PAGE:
Eric S.

Capital Gains

Just like many other citizens, I believe that every American is entitled to a decent standard of living. Programs such as health care, social security, education and many others are all essential programs but have been financially neglected by the federal government in recent years. The typical way in which people could bring in the funding to pay for these programs, would be to raise the income tax rates. Others believe that by raising income taxes, the government limits the amount of money people have to spend, thus damaging the economy. This idea only applies to people in the lower tax brackets, because people in the higher tax brackets won’t have any way to spend that extra money, instead they will either put it in a bank or they will invest it. The point of view that I have taken on this issue of taxes is that in addition to placing higher tax rates on higher income people and reducing the tax of the lower and middle classes, the government should enact a stiffer capital gains tax.

Capital gains tax is the tax on economic gains from investments, for example, in the stock market. Gains in the market place are measured by the difference between the price a stock is bought and later sold. If ten thousand of a certain stock was bought at $10 a share, and then later sold for $35 dollars per share, the gains would be (35x10,000) – (10x10,000) = 250,000. Unlike income tax however, this is only marginally taxed, which is unfair. An unfair aspect of this set up is that people, who work hard for their money, end up paying more than extremely wealthy people who are able to invest surplus money. If possible, I would change the tax code, so the capital gains tax would be 25% for a $100,000 gain and above and the income tax for the middle and upper-middle tax brackets would be 15%. This is approximately the opposite of the present day tax code, which entails that income tax in the middle and upper middle tax brackets is about 25% depending where on the spectrum someone falls. Also it would be a sliding scale so the more people made off of gains would pay a higher percent of their profits. This would allow for people in the lower and middle classes to spend the extra money that they would get from the tax break, boosting the economy, and allow for funding of more social programs for everyone. This approach is also more sensible, in that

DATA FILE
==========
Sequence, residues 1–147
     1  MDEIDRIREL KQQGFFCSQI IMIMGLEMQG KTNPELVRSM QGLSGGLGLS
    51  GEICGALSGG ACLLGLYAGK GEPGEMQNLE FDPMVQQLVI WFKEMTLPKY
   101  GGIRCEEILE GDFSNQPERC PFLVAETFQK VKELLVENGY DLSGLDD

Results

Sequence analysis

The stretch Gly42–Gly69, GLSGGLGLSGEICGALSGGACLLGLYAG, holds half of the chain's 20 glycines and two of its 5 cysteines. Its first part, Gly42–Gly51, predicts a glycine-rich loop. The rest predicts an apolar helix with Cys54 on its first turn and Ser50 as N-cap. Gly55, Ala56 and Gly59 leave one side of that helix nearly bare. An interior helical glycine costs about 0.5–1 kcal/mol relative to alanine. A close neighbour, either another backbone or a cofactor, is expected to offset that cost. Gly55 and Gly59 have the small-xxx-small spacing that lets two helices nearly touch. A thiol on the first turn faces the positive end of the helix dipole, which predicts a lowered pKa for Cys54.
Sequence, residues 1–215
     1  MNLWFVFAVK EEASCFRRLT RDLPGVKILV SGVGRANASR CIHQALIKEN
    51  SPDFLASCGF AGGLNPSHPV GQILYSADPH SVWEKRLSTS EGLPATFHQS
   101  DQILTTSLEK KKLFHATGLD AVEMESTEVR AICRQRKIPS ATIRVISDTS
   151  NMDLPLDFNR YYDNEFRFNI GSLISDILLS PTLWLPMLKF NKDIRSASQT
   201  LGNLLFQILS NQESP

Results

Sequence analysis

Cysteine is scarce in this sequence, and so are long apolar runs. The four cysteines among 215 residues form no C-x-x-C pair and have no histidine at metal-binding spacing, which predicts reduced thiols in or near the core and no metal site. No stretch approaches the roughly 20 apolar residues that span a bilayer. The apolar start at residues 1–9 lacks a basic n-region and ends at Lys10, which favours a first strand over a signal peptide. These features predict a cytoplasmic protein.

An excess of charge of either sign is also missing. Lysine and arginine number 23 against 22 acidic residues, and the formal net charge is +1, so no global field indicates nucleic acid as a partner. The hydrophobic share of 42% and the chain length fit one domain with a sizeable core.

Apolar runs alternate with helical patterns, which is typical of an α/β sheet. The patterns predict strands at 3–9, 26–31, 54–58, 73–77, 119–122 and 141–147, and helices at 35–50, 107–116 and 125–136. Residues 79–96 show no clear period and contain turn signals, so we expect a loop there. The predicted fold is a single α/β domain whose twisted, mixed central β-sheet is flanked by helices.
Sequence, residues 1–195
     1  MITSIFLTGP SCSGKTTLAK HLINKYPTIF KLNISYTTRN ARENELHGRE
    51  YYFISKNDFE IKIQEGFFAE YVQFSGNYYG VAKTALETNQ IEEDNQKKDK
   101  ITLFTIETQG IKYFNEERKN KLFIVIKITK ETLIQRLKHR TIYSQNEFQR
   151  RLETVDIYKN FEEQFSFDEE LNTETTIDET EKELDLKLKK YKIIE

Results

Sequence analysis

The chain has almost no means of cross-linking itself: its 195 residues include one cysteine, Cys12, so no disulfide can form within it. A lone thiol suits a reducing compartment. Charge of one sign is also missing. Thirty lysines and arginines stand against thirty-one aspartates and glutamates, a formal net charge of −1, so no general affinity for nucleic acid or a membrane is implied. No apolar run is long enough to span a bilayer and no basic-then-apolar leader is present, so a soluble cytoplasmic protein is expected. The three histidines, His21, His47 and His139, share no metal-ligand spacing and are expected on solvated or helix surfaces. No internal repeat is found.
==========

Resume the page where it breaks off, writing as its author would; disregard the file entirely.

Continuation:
someone who makes their money the hardest way possible, by working for it, gets to keep more of their money than someone who just passively invests and realizes gains.

The main opposition to the increase in capital gains tax argues that it will limit a free market, and will discourage investment, thus hurting the economy. This point of view is wrong for a number of reasons. The idea that it will limit a free market is absurd, mostly because as it is right now, capital gains tax already exists. The idea that it would discourage investment is also not convincing because people who have money to invest in the stock market would still have surplus money and they would have to put it somewhere, and despite the increase in taxes they would still make money from their investments. The means by which capital gains tax could be raised are also quite easy, because guidelines for capital gains already exist in the tax code.

The real world effects of raising capital gains tax could be enormous. The economy would flourish, and social programs could be given adequate funding, and allow citizens to satisfy the basic needs they have. It makes sense, because people like Bill Gates who make $63 billion on investing ought to pay more taxes than a hard working American who makes $16,300 annually. It would not limit the free market, rather it would allow for more people to take part in it, because more working people would finally be given an opportunity to invest in the market. The idea of raising the capital gains tax is not politically popular now; however, if I could change one law, it would be to raise capital gains tax.




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